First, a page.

How To Cook Everything

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by SmithorJones on December 10, 2010

in Cooking, JonesGirl, Latest

Do you have a favorite cookbook? Want one? How to Cook Everything, Completely Revised 10th Anniversary Edition: 2,000 Simple Recipes for Great Food by Mark Bittman. The guy’s a genius. Really.

For years I had two cookbooks that were the go-to books in my kitchen. I had NUMEROUS cookbooks – but there were two that had surfaced as the ones I reached for first and it would take something pretty special to convince me there was a better way to make/bake something than what I could find in those two books. I’m a pretty no-nonsense cook – probably the reason I’m a Rachael Ray fan. Cooking has never been a “hobby” for me, so I’m not in the Julie & Julia category of pushing the limits of my culinary abilities. (Did you see that movie? Except for the whole husband eating like a hog at the trough thing, I loved that movie.) That said, I do like making good food – and for the last seven years I’ve had this cookbook (the prior version) at my disposal. It was Smitty’s “dowry” I think. 😉 I don’t think we got it as a wedding gift, but I do believe Smitty had it in his kitchen before we met.

Our copy is now becoming worn and kind of curled up at the corners. There are post-it notes sticking out of it to mark the pages I tend to go back to the most. The book is the size of a phone book that Superman used to demonstrate his superpowers tearing in half – so unless you remember page numbers like Rainman could, I’ve found that, for me at least, it’s best to stick bookmarks in it here and there.

He even has a better recipe for pumpkin pie than the one I’ve used forever.

I had some leftover pumpkin that I needed to make something with this week, so I dragged out “the book” and started looking for ideas. We made a banana bread once using his recipe and it was the best one we’d ever tasted. So, we’ve gotten to the place where we figure if he can do “that” – I bet he can make “this” a good way too…and that’s how it has become the go-to cookbook at Chez SmithorJones. Sometimes I’ll compare it with another book I have, but this one is usually the way I go.

The thing is – even in the back of this cookbook he gives you his list of favorite cookbooks – and some of them sound pretty tempting to source/buy too. But, we’re living in a tiny little house, and it’s nice to have my inventory of cookbooks down to just a handful because there just isn’t space to store the extras. Besides – there’s always online if I can’t find what I’m looking for in this book. And – how cool is this? – this book is now available as an E-book for download on the Kindle now too. No more dog-eared pages and post-it notes – just a slightly spattered Kindle I’m thinkin’…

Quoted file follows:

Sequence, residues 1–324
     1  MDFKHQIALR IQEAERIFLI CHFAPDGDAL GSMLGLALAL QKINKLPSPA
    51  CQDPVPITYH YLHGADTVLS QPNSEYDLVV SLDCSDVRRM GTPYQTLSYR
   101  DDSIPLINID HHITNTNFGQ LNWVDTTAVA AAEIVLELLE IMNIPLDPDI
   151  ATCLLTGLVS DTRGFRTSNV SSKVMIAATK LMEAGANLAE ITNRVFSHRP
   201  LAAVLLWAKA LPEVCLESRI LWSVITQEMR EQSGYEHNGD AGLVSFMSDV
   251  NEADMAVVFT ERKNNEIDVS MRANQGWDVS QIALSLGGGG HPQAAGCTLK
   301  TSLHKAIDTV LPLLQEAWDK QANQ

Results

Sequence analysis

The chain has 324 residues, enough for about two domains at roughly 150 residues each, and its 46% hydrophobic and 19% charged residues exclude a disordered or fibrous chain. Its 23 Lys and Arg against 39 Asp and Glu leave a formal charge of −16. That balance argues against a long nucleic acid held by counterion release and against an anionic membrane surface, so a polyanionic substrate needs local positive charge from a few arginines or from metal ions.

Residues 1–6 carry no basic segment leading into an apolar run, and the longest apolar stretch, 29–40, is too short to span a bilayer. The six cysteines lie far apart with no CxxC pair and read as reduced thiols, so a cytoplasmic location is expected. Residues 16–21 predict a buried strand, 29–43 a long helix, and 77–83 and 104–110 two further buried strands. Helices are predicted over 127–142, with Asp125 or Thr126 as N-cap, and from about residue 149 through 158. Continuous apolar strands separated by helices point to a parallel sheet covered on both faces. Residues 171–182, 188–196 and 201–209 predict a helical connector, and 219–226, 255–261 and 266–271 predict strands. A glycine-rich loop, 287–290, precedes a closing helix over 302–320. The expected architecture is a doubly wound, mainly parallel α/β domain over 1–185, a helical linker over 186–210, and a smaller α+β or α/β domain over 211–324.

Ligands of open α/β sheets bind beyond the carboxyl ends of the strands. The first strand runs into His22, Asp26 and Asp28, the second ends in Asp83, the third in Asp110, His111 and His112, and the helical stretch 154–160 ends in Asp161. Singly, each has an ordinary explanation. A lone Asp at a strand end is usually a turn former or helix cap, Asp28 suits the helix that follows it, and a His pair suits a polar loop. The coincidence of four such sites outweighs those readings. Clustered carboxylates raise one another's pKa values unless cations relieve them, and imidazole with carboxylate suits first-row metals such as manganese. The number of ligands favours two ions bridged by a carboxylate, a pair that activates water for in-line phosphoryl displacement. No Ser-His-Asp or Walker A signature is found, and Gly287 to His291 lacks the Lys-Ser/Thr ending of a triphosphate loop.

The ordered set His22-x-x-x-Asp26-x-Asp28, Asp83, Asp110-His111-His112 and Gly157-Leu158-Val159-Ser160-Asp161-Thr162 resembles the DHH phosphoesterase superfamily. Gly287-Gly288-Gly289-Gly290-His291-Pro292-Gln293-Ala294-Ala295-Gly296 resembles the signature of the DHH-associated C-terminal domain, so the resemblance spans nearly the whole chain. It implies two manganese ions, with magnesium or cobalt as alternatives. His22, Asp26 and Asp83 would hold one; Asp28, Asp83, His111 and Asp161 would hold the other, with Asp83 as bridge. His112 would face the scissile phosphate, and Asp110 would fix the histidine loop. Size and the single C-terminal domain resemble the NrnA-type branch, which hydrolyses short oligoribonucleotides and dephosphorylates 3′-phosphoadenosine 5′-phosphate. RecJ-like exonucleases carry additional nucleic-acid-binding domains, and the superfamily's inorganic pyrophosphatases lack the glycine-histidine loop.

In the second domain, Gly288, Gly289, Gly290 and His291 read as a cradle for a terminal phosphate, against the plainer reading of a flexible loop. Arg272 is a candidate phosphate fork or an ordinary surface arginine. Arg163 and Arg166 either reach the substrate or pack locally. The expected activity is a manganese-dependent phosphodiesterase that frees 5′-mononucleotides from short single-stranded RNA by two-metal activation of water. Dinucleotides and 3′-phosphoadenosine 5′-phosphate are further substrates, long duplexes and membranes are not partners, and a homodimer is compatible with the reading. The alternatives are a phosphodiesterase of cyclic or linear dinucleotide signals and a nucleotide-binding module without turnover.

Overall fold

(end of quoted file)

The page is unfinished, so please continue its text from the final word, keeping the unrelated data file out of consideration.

This pumpkin bread, Smitty has been saying is better than anything he’s gotten even at Starbucks. Well…I think that could be debatable, but it’s pretty good. I’d classify it as “hearty” – not a delicate little bit of fluff – so if you’re looking for fine pastry this won’t work. However, if you like muffins and/or a nice piece of a batter type bread with your coffee of a winter’s morning – this one’s very nice. Want the recipe? I’m thinking an excerpt from the book would be okay, right?

This recipe fits into a bread pan – the regular loaf size. It’s a variation of his Apple Bread recipe, so I’ll give them both to you (because the pumpkin bread is also for zucchini – so you’ll have three recipes in one to use).

Apple [or Pumpkin] Bread

Time: About 1-1/4 hrs.

Carrots, apples, zucchini, pumpkin. . . you can add almost any grated fruit or vegetable to a basic quick-bread batter and gain moisture, flavor, fat-free nutrients and – usually – sweetness. I like this kind of bread with some whole wheat flour and cornmeal, but you can use all white flour if you like.

2 cups (about 9 ounces) all-purpose flour
1/2 cup whole wheat flour
1/2 cup cornmeal
1/2 teaspoon salt
1 tablespoon baking powder
3/4 cup sugar, plus more to taste
1 egg
1/4 cup (1/2 stick) melted butter, plus more for greasing the pan
1-1/4 cups milk
1 cup peeled and grated apple (drain if it is very watery)

  1. Preheat the oven to 350 degrees Fahrenheit. Butter a 9 x 5-inch loaf pan.
  2. Combine all the dry ingredients. Beat the egg with the butter and milk. Make a well in the center of the dry ingredients and pour the wet ingredients into it, along with the apple. Using a large spoon or rubber spatula, combine the ingredients swiftly, stirring and folding rather than beating, and stopping as soon as all the dry ingredients are moistened. The batter should be lumpy, not smooth.
  3. Pour into the prepared loaf pan and bake about an hour, or until a toothpick inserted in the center of the loaf comes out dry. Cool on a rack for at least 10 minutes before removing from the pan.

Zucchini or Pumpkin Bread: Thoroughly drain 1 cup shredded zucchini or pureed cooked or canned pumpkin. Add to the dry ingredients :

  • 1 teaspoon ground cinnamon
  • 1/2 teaspoon ground ginger
  • A pinch of ground cloves
  • A pinch of freshly grated nutmeg

and increase the sugar to 1 cup. Use 2 eggs. Add 1/2 cup of chopped walnuts or pecans if you like.

I also threw in a palmful of raisins and a palmful of dried cranberries.

So, there you have it –

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